HorizontalAlignment="{TemplateBinding HorizontalContentAlignment}" 
                                        Margin="{TemplateBinding Padding}"> 
                                </ContentPresenter> 
                            </Grid> 
                        </ControlTemplate> 
                    </Setter.Value> 
                </Setter> 
            </Style> 
            <Style TargetType="DatePicker"> 
                <Setter Property="MarginValue="0,0,0,4"/> 
            </Style> 
        </Grid.Resources> 
 
        <ListBox HorizontalContentAlignment="Stretch"  
                 KeyboardNavigation.TabNavigation="Cycle"  
                 Background="AliceBlue"            <ListBox.Resources                <Style TargetType="{x:Type TextBox}"> 
                    <Setter Property="HorizontalAlignmentValue="Stretch"/> 
                </Style> 
            </ListBox.Resources> 
            <!--<local:EditRow LabelFor="Label for property One:"  LabelWidth="120" PropertyWidth="200"> 
                <TextBox Text="aaaa"/> 
            </local:EditRow>--> 
            <local:EditRow LabelFor="Label for property One:"                 <TextBox Text="aaaa"/> 
            </local:EditRow> 
            <local:EditRow  LabelFor="Label for Property Two:"                <TextBox Text="bbbb"/> 
            </local:EditRow>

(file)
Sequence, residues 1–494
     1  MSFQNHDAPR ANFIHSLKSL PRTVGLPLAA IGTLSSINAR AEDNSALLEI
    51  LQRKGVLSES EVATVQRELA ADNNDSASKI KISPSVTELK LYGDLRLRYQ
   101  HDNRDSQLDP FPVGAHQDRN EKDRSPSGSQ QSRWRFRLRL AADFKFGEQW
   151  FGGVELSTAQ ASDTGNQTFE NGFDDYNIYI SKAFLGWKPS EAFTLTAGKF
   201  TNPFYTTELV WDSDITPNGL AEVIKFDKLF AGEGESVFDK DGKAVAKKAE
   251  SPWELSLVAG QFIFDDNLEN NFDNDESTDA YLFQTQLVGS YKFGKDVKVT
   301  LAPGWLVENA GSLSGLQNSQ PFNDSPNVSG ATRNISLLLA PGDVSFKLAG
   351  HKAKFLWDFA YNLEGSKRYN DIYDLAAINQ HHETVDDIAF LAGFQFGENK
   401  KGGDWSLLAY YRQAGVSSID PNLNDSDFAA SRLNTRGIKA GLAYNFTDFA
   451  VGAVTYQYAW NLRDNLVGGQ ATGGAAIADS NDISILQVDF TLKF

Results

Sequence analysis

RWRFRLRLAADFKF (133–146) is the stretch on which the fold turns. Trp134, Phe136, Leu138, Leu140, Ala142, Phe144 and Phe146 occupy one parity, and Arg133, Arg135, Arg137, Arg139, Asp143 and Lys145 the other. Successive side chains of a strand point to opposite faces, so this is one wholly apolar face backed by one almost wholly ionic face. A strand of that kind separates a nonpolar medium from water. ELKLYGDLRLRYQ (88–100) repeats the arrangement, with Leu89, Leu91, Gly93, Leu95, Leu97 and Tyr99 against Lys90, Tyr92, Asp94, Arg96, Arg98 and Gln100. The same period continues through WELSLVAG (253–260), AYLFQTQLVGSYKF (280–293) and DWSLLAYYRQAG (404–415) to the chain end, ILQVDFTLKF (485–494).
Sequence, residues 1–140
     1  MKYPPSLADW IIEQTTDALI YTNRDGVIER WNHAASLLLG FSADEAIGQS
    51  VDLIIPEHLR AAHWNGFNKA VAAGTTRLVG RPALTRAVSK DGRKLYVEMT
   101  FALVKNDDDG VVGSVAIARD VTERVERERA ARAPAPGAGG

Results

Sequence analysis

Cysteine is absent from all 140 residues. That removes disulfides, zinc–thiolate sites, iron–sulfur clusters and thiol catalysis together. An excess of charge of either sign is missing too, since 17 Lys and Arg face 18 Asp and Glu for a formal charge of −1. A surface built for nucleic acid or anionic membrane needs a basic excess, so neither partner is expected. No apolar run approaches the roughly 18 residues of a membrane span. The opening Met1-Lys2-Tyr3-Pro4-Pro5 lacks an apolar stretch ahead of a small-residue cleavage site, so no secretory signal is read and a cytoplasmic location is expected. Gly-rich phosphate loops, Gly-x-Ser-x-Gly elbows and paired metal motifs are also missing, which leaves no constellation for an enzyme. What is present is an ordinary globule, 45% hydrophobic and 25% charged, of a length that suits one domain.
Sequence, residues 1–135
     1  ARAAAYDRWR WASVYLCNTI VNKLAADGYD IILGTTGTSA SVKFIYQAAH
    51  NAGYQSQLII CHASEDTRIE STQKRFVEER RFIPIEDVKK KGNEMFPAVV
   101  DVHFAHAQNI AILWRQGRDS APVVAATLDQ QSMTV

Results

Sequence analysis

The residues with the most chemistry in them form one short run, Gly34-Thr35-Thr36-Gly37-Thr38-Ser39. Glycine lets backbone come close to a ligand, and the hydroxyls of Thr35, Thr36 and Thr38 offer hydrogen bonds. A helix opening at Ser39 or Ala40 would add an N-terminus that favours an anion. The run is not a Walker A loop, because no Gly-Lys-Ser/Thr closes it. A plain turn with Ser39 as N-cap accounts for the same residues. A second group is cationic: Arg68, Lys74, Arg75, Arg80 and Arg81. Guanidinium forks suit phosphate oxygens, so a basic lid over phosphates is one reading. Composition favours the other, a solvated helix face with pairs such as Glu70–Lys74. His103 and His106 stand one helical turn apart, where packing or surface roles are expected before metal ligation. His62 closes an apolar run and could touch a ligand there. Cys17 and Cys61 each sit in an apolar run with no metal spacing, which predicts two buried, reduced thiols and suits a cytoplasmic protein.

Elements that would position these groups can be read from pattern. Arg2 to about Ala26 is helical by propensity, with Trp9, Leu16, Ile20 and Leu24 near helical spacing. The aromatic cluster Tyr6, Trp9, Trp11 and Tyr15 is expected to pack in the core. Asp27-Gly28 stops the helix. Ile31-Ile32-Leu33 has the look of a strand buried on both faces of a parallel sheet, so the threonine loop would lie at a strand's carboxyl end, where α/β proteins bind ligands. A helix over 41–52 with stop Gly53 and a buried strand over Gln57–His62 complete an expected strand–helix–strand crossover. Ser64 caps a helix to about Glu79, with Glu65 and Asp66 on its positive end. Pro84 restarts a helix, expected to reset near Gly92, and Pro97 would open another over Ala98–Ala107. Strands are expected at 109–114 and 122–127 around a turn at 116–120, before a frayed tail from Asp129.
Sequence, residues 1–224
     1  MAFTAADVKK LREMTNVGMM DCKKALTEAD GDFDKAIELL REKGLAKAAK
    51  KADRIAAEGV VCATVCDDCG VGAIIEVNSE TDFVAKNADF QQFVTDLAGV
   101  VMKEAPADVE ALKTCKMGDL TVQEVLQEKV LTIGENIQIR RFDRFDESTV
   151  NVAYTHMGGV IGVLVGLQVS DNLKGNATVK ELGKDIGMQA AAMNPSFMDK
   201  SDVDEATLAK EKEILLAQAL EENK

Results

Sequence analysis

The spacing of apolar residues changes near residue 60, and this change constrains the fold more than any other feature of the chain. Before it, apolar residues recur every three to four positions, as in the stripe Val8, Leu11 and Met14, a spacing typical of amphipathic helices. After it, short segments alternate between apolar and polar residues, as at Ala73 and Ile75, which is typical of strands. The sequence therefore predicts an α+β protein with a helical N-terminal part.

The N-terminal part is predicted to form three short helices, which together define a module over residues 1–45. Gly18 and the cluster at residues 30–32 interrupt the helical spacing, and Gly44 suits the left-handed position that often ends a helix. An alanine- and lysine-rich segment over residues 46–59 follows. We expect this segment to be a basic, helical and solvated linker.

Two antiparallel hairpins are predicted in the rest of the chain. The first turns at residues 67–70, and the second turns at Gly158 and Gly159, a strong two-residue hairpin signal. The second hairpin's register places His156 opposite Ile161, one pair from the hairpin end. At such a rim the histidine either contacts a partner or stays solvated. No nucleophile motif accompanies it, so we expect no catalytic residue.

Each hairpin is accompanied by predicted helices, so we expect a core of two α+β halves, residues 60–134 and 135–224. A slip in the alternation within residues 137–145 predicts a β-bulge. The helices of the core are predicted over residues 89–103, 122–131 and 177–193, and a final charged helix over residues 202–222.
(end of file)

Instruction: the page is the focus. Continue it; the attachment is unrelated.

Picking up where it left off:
<local:EditRow  LabelFor="Label for Property Three:"                <DatePicker/> 
            </local:EditRow> 
            <local:EditRow  LabelFor="Label for Property Four:"                <TextBox Text="dddddd"/> 
            </local:EditRow> 
            <local:EditRow  LabelFor="Label for Property Five:"                <TextBox Text="eeee"/> 
            </local:EditRow> 
            <local:EditRow  LabelFor="Label for Property Six:"                <TextBox Text="fffffff"/> 
            </local:EditRow> 
            <local:EditRow  LabelFor="Label for Property Seven:"                <TextBox Text="ggggg"/> 
            </local:EditRow> 
            <local:EditRow  LabelFor="Label for Property Eight:"                <TextBox Text="hhhhhhhhhhh"/> 
            </local:EditRow> 
        </ListBox> 
    </Grid>
As mentioned earlier, the listbox item is re-templated purely to avoid the blue MouseOver background on a selected item.

 

Comment that out and see if you prefer it to be much more obviously a ListBox.

If you do so and set the height of the Window to 150 as well you can see another aspect of using a ListBox.

The blue background will appeal to some.  Similarly you might prefer to try and line up the label text with the text in the textboxes.

The ListBox gives us a vertical slider for zero effort which is handy if the list of properties may not fit in the available space.  On those occasions when you're dashing out the UI you don't even need worry about how many properties you throw in there.